- Bun Cha: A dish that originated in Hanoi, bun cha consists of grilled pork patties, vermicelli noodles, and a variety of fresh herbs and vegetables. It’s typically served with a sweet and sour dipping sauce.
- Goi Cuon: Also known as Vietnamese spring rolls, goi cuon are made with rice paper wrappers filled with vermicelli noodles, fresh herbs, and shrimp, pork, or tofu. They’re usually served with a peanut dipping sauce.
- Cao Lau: A specialty of the central city of Hoi An, cao lau is a noodle dish made with thick rice noodles, slices of pork, fresh herbs, and a crispy cracker on top. It’s typically served with a side of greens and a lime wedge.
- Com Tam: A popular street food, com tam is a plate of broken rice served with grilled pork, a fried egg, and pickled vegetables. It’s often served with a side of fish sauce.
- Bun Bo Hue: A spicy noodle soup that originated in the central city of Hue, bun bo hue is made with beef broth, vermicelli noodles, and slices of beef or pork. It’s typically spiced with chili peppers and served with a side of fresh herbs and lime wedges.
- Bun Rieu! With a tomato-based broth, savory crab meatballs, and fragrant fresh herbs, this flavorful dish is a must-try for any foodie exploring Vietnam
These are just a few of the many delicious dishes to try while in Vietnam. The country’s rich culinary heritage offers something for every palate, so be sure to explore and try as many new dishes as you can!
Expats in Vietnam can find food options to suit their dietary preferences, with many restaurants offering vegetarian and vegan options. The cost of food in Vietnam is generally affordable, with street food and local restaurants offering some of the most delicious and affordable options.
Healthcare in Vietnam has improved significantly over the past few decades, with both public and private healthcare options available. However, the quality of healthcare can vary significantly depending on the location and facility.
Many expats in Vietnam choose to access private healthcare facilities, which are generally more modern and well-equipped than public facilities. The cost of healthcare in Vietnam is generally affordable, with consultation fees starting at around $20.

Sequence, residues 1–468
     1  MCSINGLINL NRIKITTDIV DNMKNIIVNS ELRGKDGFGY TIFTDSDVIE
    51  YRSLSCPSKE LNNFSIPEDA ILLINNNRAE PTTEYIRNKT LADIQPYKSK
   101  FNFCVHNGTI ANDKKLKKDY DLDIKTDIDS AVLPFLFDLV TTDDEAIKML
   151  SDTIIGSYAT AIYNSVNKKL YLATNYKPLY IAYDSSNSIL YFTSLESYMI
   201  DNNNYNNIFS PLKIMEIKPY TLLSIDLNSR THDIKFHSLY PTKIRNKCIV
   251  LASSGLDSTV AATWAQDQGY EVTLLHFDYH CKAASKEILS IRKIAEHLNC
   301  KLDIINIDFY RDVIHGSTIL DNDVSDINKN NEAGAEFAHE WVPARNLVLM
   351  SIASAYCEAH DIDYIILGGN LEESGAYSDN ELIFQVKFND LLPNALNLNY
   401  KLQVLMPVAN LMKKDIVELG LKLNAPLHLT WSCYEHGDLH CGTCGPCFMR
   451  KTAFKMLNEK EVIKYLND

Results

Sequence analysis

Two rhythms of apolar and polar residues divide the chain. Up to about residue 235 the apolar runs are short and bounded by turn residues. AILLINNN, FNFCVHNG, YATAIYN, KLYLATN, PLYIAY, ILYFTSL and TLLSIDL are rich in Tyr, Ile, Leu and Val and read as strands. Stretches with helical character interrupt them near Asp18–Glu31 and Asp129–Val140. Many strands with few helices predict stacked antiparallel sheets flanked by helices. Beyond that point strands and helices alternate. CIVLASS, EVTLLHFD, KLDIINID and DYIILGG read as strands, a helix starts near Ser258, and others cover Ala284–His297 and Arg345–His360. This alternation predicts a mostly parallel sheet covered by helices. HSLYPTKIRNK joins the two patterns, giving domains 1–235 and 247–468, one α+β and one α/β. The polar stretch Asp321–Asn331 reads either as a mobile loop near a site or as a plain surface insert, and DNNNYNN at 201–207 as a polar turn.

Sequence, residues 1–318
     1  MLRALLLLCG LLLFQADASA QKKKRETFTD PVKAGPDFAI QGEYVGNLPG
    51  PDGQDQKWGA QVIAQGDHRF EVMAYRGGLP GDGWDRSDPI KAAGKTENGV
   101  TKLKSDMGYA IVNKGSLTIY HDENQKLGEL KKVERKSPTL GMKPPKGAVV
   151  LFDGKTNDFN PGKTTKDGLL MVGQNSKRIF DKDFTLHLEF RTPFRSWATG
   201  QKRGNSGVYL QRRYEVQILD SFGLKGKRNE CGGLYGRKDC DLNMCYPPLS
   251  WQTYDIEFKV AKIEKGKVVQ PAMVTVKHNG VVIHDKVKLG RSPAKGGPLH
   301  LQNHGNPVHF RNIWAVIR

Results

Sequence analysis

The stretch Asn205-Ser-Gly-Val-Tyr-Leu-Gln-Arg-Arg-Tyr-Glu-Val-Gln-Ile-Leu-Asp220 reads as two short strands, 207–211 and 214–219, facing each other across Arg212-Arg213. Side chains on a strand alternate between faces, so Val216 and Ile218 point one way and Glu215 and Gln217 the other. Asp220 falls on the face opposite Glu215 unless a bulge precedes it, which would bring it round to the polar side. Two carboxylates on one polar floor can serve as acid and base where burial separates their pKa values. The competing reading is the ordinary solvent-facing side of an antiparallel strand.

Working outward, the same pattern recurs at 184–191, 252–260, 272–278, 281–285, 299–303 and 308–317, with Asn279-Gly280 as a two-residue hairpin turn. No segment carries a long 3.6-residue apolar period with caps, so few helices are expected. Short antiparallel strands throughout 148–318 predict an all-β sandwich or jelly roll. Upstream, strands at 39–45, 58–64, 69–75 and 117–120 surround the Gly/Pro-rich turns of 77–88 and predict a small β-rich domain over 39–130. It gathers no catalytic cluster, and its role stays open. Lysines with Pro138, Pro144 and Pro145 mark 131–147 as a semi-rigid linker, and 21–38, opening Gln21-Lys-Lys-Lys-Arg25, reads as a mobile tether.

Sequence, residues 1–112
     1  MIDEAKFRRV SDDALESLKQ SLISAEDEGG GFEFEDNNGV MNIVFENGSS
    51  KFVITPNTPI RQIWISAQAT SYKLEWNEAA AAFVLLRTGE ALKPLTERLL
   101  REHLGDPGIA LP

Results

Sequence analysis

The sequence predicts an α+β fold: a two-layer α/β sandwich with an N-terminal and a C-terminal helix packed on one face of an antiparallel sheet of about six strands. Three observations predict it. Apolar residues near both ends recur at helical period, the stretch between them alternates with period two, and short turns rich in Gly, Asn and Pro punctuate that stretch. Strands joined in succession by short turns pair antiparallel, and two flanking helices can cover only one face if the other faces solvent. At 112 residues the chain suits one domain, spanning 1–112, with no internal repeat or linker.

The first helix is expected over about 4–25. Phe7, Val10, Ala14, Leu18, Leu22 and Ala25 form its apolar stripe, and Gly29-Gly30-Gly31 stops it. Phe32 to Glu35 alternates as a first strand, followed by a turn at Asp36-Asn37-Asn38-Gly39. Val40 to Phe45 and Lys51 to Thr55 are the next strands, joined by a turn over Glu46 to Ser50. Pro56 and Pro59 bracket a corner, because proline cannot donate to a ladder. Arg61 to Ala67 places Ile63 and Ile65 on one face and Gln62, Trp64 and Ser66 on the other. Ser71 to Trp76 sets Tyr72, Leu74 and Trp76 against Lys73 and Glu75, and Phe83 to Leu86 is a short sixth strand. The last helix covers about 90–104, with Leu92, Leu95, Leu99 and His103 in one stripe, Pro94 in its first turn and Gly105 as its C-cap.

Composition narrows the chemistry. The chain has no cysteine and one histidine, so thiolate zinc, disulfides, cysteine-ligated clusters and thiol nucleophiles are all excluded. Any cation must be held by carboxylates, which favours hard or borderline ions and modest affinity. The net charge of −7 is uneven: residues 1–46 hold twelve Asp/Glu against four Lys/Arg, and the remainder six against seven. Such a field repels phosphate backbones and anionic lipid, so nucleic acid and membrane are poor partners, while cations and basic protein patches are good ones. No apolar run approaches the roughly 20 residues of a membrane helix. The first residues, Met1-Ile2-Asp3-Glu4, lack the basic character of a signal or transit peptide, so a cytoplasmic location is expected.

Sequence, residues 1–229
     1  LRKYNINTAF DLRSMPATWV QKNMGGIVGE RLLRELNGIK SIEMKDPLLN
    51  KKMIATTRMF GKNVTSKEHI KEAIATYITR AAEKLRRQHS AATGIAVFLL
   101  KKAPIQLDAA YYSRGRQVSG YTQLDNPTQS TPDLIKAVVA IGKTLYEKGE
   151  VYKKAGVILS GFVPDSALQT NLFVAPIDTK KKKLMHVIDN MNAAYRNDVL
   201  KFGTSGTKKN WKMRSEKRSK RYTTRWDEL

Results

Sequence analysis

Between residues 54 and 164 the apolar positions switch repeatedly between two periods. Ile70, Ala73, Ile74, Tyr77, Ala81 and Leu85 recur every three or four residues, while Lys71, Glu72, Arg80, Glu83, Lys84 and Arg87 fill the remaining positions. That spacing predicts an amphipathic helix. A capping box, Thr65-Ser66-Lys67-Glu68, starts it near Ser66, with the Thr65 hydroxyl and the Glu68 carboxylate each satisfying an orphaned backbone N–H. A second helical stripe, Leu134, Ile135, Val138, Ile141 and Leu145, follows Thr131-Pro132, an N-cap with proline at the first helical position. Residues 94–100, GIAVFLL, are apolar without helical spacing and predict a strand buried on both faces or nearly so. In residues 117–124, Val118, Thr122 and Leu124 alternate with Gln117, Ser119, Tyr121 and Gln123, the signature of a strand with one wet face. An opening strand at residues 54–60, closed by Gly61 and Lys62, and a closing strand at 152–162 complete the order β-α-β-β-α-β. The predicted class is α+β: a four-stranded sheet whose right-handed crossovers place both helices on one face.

For more serious problems, there are several international healthcare providers in Vietnam, including:
- Family Medical Practice: One of the largest and most well-established healthcare providers in Vietnam, Family Medical Practice offers a wide range of medical services, including general consultations, vaccinations, and emergency care. They have multiple clinics located throughout Ho Chi Minh City, Hanoi, and Da Nang.
- Vinmec International Hospital: Vinmec is a high-end private hospital chain with locations in Hanoi, Nha Trang, and Ho Chi Minh City. The hospital provides advanced medical services, including cancer treatment, organ transplantation, and robotic surgery.
- Hong Ngoc Hospital: Hong Ngoc Hospital is a private hospital located in Hanoi that offers a range of medical services, including general consultations, emergency care, and surgery. The hospital is staffed by both Vietnamese and foreign doctors and has a 24-hour emergency department.
- FV Hospital: FV Hospital is a private hospital located in Ho Chi Minh City that provides a range of medical services, including general consultations, emergency care, and specialized surgeries. The hospital is staffed by both Vietnamese and foreign doctors and has a 24-hour emergency department.
- Hanoi French Hospital: Hanoi French Hospital is a private hospital located in Hanoi that offers a range of medical services, including general consultations, emergency care, and specialized surgeries. The hospital is staffed by both Vietnamese and foreign doctors and has a 24-hour emergency department.
Education in Vietnam is highly valued, and the country has made significant investments in improving its education system. However, expats may find that the quality of education can vary depending on the location and type of school.
There are a variety of international schools in Vietnam, catering to expats from different countries. These schools offer high-quality education and facilities, but can be quite expensive. On the other hand, public schools in Vietnam are generally more affordable, but may not provide the same level of education and facilities as international schools.